But I have begun to have a different feeling about playing this “baroque trumpet.” The main reason I was attracted to the natural baroque trumpet was the thrill of playing authentically like real 18th-century trumpeters and the challenge of playing an instrument that was (and is) exponentially more difficult than a vent-hole baroque trumpet compromise. When comparing the piccolo trumpet to the baroque vent-hole trumpet to the natural trumpet, it’s helpful to keep in mind that their “batting average” would be something like .990, .890, and .600, respectively. I am now much more interested in playing the authentic natural trumpet, while I try to correct out of tune notes solely with lip bending. Now, the issue is convincing conductors and audiences that this is the best approach.
Last winter, I played several concerts with soprano Tia Wortham, harpsichordist Jay Wilcox, and cellist Doug Poplin. Here are two clips from one of those performances that may offer a glimmer of hope in the argument for more authenticity. The edits were done because of–you guessed it, missed trumpet notes!
There are a few other really good (complete) videos of natural trumpet playing. Here is a nice one of the French master Jean-Francois Madeuf playing Bach’s “Grosser Herr” from the Christmas Oratorio. Notice the amazing sound quality Madeuf achieves (in part from the authentic natural trumpet and also in part from the rather large mouthpiece he uses–which is thought by many to be an important aspect of the authentic approach:
Compare this to Swedish virtuoso Niklas Eklund playing the same aria. What I hear in this performance is amazing accuracy, technique and intonation. Nevertheless, I also hear a certain modern strident sound quality inherent in the vent-hole instrument Eklund is playing (a 3-hole instrument):
Okay, not to mislead, I guess I will play the “baroque trumpet” if someone pays me, but I really want to sway people to the natural trumpet!No tags for this post.
Have you heard Anna Freeman playing natural trumpet? Pretty awesome!
Could all the range be produced on a militar bugle?
Luis, the military bugle–like all lip-vibrated natural instruments–has the same harmonic series that the natural trumpet does. It is a phenomenon of acoustical physics. The limiting factor is the smaller size of the bugle–so it is more difficult to play up to and beyond the 8th partial on the bugle, whereas the baroque natural trumpet frequently played up to the 16th partial and beyond.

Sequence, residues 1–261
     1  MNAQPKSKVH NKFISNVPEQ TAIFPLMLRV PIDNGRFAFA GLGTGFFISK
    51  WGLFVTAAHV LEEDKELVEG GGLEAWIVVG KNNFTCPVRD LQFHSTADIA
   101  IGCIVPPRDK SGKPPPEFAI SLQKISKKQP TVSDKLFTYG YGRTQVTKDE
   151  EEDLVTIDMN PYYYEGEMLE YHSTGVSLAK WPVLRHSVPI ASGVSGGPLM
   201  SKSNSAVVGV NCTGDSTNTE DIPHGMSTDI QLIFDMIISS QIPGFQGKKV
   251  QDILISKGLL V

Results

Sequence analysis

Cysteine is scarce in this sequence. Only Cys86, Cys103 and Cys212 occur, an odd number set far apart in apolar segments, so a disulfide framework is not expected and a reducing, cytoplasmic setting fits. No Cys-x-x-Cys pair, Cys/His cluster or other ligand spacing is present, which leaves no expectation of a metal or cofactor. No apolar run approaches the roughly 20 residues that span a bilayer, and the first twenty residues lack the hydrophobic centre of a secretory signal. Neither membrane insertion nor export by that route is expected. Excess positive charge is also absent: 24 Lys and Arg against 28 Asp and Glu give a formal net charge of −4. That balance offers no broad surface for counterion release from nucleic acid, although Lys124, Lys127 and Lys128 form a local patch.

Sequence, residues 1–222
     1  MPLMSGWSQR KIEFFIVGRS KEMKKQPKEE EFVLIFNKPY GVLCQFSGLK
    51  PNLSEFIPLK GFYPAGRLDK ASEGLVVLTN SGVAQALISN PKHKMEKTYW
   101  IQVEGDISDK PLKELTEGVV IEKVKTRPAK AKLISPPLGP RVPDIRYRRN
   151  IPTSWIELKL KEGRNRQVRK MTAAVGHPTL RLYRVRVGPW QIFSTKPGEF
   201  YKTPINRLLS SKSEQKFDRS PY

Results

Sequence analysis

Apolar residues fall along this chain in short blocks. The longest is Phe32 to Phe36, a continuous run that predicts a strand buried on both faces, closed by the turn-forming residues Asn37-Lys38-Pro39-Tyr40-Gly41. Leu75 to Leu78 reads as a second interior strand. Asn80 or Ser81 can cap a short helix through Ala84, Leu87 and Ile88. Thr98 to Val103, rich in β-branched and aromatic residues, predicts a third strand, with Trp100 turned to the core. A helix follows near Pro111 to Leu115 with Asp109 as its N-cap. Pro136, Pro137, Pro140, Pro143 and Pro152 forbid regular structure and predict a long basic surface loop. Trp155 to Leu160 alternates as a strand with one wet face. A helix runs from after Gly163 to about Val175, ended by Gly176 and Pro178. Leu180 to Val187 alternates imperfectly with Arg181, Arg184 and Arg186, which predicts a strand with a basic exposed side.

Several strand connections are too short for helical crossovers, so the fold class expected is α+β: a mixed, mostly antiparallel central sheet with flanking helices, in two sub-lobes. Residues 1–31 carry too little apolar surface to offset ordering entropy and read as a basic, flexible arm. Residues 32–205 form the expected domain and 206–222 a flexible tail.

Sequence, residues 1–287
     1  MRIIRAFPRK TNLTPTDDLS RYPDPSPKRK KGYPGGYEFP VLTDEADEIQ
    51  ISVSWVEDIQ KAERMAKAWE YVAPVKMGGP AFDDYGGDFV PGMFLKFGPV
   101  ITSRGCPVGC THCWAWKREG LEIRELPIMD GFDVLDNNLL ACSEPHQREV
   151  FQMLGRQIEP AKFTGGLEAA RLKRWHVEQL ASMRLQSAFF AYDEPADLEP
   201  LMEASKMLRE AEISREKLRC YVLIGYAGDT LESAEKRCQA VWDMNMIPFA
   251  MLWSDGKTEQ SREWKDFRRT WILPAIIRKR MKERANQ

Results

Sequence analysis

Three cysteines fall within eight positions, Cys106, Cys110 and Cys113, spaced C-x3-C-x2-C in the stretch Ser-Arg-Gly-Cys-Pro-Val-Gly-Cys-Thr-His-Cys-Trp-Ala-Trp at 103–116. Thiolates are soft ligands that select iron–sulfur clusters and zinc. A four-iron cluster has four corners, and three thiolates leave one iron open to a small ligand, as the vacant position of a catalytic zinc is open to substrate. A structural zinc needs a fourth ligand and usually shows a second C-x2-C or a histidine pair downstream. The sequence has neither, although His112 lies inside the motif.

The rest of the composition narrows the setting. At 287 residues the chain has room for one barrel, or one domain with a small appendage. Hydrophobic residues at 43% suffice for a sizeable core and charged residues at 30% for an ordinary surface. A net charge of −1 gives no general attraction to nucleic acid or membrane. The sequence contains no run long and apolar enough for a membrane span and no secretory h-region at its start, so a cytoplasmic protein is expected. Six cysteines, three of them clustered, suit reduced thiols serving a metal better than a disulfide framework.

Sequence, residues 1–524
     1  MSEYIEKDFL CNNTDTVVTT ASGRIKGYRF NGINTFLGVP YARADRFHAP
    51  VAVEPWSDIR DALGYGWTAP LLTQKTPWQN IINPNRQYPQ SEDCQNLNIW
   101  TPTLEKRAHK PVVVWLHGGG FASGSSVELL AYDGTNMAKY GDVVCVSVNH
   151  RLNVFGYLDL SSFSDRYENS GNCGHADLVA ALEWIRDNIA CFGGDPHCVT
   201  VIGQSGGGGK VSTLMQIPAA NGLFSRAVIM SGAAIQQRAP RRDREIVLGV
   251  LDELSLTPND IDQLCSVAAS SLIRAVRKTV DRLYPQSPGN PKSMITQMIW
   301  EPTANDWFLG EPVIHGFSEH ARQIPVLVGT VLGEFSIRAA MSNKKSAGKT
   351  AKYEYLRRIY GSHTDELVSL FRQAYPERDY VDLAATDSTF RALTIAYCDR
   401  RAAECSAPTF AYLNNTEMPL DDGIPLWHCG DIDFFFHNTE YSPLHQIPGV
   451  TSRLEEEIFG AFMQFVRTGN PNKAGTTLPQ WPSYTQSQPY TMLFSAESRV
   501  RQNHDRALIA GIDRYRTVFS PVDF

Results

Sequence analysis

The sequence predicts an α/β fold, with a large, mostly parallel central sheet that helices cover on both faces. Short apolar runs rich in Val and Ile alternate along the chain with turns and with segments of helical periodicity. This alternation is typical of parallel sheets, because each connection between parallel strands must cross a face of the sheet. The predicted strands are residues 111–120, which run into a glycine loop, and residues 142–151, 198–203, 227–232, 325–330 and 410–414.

‘Nice article. I’m looking for measurements of the exact intonation of actual natural trumpets as opposed to theoretical values (where you might see the frequencies juxtaposed between natural and baroque trumpets to see the differences on every note/partial). Might you know of an on-line resource for this?
Thanks, Andy–good question. I suppose I could do that myself and post the results. But–are you looking for the values as played without any effort on the part of the trumpeter to bend the note into tune (in other words–the notes right in the “sweet spot”, which, by the way, is still subjective), OR are you looking for the values as played by a trumpeter trying to bend the natural trumpet’s tones to be as close as possible to, say, Valotti or Kirnberger temperament?
I’m looking to see the values as are actually played with no bending at all. I’m also interested in seeing how the exponential nature of the bell changed this in the upper harmonics (the bells became more exponential over time as the makers learned how to flare the bell more.
Andy–great question. I would love to see this done one day. Of course it would be hard to know how impartial the player would be for this experiment (no pun intended!).
Very thoughtful essay. I’ve recently unearthed my natural trumpet– a Collier Ehe repro from the ’80s (2 holes– one you blow in; one the sound comes out of! )– upon being inspired by Mssr. Madeuf. We’re on a similar journey. Check out– http://music.yale.edu/tag/jean-francois-madeuf/ He’s spent years perfecting his art. I want to play like that now!